PET owners with coronavirus have been urged by an expert to isolate from them.
Cats and dogs can be infected with the virus, a study has found, and can catch it from their owners.
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In several cases pets that have tested positive have suffered with respiratory problems.
The Telegraph reports a new study found covid-19 in the blood of pets of owners who had symptoms or a diagnosis within a two week period.
Study co-author Dorothee Bienzle, Professor of Veterinary Pathology at the University of Guelph, Ontario, Canada told people to stay away from their pets, as well as people, if infected.
She said: "There is sufficient evidence from multiple studies, including ours, to recommend that SARS-CoV-2 infected persons should isolate from people and animals.
"These preliminary results suggest that a substantial proportion of pets in households of persons with covid-19 become infected."
She said all the cats who had antibodies had “reported to have had respiratory and/or other illness by their owners around the time of the owner's Covid-19 infection."
In July we told how a pet cat in England was infected with Covid-19 from its owners - the first known case in the UK.
The World Organisation for Animal Health said: "Now that Covid-19 virus infections are widely distributed in the human population there is a possibility for some animals to become infected through close contact with infected humans.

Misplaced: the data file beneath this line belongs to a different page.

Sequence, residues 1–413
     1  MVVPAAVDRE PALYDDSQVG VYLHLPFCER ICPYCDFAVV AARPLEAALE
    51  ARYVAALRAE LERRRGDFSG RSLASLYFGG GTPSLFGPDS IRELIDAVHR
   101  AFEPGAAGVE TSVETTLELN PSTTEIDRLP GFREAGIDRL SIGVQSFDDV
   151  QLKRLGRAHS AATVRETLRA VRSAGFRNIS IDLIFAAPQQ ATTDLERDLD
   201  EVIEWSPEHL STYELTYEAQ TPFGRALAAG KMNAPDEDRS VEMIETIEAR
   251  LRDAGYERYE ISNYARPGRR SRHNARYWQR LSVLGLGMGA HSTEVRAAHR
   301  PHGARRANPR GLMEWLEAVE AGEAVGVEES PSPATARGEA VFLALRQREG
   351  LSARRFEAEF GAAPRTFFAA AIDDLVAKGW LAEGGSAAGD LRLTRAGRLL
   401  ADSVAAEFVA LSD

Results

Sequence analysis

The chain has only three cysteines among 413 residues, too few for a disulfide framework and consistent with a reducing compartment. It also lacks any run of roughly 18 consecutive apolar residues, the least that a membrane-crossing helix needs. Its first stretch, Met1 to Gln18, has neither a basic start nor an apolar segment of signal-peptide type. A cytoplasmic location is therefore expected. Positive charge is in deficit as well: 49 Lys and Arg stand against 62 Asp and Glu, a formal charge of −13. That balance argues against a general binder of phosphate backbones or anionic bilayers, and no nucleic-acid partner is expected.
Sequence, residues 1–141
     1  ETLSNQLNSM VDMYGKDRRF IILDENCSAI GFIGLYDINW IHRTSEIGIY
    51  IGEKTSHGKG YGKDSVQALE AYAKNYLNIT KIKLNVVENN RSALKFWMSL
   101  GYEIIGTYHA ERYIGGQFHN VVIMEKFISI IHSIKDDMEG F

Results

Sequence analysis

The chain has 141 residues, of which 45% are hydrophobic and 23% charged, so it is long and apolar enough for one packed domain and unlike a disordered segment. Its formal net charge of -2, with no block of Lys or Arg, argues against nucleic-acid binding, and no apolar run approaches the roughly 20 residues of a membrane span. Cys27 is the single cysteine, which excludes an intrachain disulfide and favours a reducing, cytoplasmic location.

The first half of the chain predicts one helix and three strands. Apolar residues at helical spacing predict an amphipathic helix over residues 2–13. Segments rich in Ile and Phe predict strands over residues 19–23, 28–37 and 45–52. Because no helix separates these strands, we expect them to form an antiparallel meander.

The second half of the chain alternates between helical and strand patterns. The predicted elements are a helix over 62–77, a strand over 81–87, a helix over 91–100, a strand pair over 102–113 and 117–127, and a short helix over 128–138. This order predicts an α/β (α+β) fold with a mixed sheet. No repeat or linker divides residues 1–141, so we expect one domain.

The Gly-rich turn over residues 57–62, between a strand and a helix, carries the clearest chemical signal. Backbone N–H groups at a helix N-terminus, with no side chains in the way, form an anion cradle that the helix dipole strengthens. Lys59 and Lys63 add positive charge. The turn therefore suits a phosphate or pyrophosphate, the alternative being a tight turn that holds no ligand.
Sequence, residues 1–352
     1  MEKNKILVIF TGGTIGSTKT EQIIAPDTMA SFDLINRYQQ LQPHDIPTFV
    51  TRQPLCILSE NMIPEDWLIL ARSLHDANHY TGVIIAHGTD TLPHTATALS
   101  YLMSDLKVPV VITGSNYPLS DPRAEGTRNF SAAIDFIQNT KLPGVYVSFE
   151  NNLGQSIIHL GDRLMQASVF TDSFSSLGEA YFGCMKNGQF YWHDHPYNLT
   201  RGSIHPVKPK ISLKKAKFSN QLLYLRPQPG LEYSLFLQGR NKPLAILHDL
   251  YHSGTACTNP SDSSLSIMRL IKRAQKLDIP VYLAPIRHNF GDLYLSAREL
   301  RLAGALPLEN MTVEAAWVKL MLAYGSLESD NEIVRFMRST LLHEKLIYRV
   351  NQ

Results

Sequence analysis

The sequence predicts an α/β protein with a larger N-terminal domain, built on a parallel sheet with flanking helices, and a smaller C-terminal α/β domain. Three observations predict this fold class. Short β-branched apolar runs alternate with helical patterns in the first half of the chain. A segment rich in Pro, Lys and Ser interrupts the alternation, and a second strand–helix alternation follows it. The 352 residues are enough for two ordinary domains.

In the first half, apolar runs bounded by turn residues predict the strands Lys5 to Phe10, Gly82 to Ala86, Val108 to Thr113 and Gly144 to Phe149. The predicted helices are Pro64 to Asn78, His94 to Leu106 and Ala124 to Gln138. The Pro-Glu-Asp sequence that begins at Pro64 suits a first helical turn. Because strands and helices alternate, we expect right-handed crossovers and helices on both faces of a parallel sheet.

KEEP YOUR PETS SAFE
"Several dogs and cats have tested positive to Covid-19 virus" as a result of contracting the disease from their owners, it added.
Researchers in China said that cats can be infected with the coronavirus that causes Covid-19, and can spread it to other cats, but dogs are not really susceptible to the infection.
Earlier this year we reported how cats and dogs can transmit coronavirus to humans via their fur, Sage experts warn.
Documents revealed that the risk of pets spreading Covid-19 to humans is considered "medium".
But experts cautioned there was little data available and for that reason there is a "high level of uncertainty".
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SAGE said there's a bigger risk of humans giving the virus to their pets in the first place.
However, Prof Bienzle said that since the virus “changes minimally or not at all after transmission from humans to animals, such reverse transmission may occur".
She added: "Transmission from mink to humans has been reported on mink farms with a high proportion of infected animals maintained in close quarters and cared for by humans."